Thrashers get noticed as the calm insectivores in many residential neighborhoods. They spend most of the day in he underbrush areas scraping the dirt with their bills in search of food. Bold stripes on the stomach are an identifying feature of the Brown Thrasher.

Less known is that fact that like Mockingbirds, they are mimics and can repeat a few phrases consistently.

Georgia Birds: Atlanta

picture of a Tufted Titmouse
Georgia’s southern location means that many birds migrating south for the winter end up there during the fall and winter. They flock to the city and many birds quickly acclimate to feeders filled with food upon their initial arrival.

This feeder familiarity spills over into the winter season until the visitors are ready to consider the journey north once again.

Like many areas of the East, Atlanta hosts some common feeder birds such as Blue Jays, Cardinals, Chickadees, Titmice and the aforementioned sparrows.

The picture at the top of this section shows a Tufted Titmouse, one of many year round residents of the Atlanta area.

The woodpeckers button leads to greater details covering the state’s woodpecker population. They are also one of the common feeder birds year round.

picture of a Ring-necked duck, Georgia birds section
Tourists visiting Atlanta soon discover it’s a great birding destination year round. Water birds thrive in the city limits thanks in part to the presence of the Chattahoochee River National Recreation Area.

Up to twenty duck species have been documented, although only a handful, such as mallards and wood ducks are fairly common year round. Other species such as the Ring-necked duck find the area a pleasant winter destination.

picture of a Brown-headed Cowbird
Here’s a quick look at some additional year round or almost year round birds, starting with the Brown-headed Cowbird.

They ranks as the most common of the Icterid species, along with the Common Grackle and Red-winged Blackbirds.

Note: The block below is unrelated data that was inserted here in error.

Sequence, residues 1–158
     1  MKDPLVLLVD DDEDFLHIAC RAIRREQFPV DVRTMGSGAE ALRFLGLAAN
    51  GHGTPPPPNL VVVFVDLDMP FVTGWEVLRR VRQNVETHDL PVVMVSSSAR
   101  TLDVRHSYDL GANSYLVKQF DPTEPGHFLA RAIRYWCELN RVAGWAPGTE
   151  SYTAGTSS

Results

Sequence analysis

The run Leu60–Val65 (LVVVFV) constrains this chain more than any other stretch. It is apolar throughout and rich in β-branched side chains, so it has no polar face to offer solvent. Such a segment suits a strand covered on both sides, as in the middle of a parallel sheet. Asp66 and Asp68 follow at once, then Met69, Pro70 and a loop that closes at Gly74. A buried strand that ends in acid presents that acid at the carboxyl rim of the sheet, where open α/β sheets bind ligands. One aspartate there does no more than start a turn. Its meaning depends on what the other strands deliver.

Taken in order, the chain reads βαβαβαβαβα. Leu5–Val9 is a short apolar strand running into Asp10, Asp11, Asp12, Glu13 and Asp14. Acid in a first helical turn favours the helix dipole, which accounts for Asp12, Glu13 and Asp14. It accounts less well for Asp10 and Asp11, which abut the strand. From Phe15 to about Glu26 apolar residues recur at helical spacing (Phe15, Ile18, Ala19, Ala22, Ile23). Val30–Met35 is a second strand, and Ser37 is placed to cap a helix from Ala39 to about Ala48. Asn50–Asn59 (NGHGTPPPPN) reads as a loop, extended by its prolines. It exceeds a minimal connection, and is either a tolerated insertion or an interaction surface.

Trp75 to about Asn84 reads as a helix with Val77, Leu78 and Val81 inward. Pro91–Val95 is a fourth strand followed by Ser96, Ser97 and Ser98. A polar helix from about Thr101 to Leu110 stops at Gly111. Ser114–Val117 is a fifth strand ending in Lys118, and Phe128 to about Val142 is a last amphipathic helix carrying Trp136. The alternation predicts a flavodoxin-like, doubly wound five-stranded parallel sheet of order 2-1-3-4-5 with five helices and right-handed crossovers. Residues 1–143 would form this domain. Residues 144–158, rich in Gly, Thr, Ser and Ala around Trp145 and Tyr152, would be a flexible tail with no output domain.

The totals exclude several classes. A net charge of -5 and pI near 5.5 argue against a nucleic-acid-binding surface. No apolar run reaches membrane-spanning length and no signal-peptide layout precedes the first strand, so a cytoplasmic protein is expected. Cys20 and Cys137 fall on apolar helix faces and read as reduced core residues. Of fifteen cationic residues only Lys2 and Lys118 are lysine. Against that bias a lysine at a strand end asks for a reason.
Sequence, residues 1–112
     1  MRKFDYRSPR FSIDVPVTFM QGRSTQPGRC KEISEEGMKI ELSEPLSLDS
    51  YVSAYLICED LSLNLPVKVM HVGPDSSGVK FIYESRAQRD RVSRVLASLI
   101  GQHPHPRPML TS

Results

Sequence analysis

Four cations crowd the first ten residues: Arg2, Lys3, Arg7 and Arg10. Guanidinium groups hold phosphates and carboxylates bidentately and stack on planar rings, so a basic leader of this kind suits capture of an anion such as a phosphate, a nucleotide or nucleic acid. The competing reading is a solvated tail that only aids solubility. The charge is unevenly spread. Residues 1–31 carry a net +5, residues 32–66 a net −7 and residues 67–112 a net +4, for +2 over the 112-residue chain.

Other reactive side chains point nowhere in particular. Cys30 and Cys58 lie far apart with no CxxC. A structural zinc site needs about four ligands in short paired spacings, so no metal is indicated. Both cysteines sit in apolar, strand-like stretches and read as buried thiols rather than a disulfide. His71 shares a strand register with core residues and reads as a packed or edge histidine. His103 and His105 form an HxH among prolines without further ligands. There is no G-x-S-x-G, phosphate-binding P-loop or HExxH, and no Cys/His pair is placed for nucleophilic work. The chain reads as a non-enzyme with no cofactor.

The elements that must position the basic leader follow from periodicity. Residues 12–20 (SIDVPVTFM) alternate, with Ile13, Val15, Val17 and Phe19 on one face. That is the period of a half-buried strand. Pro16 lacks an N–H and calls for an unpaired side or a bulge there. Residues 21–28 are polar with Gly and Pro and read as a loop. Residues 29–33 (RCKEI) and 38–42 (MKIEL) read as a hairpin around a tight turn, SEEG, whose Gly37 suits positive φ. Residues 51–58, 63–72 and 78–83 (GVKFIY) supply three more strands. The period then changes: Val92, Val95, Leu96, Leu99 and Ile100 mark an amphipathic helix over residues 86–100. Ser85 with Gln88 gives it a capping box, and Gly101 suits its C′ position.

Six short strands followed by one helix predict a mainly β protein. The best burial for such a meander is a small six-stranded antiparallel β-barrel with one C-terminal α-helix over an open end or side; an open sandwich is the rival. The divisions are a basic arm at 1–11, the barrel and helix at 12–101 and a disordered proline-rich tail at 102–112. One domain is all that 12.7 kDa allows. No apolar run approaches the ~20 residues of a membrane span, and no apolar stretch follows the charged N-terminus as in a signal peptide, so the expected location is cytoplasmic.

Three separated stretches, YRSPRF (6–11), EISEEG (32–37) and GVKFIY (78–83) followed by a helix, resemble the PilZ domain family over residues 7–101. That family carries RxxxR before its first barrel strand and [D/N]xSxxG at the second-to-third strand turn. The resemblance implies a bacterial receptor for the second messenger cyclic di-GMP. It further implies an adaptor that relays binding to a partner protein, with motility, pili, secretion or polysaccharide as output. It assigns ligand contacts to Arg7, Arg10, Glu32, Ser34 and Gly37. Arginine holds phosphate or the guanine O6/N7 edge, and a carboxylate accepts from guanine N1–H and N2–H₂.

picture of a Carolina Wren width=
Five wren species can be found occasionally in the area. The Carolina Wren is the only year round resident.

picture of an Eastern Bluebird
A handful of the singing birds in the thrush family such as eastern blue birds and robins are also common years round residents in the Atlanta area.

picture of a male Yellow Rumped Warbler, Georgia birds
Narrowing down the greater Atlanta metro area, consider the Piedmont Park bird checklist with its approximately one hundred and eighty species mark. There’s always a good birding day to be had at the park.

Spring migration can be special with some three dozen warbler species possibly moving through the area. Tourists with a bit more time on their hands might want to take a brief trip north on I75 to Kennesaw Mountain National Battlefield Park for a great day trip. It’s ranked as a premiere destination for the spring migration with warblers abundant during the spring.

Research by a variety of organizations including the Bird Conservancy, the U.S. Department of Agriculture and Audubon, for example, suggests a changing climate suggests is less lant an ideal for many of the neo-tropical birds that migrate to Georgia for the breeding season, including the warblers.

The picture shows a male Yellow Rumped warbler. Typically they already migrate further north during the breeding season and enjoy the warm Georgia winters.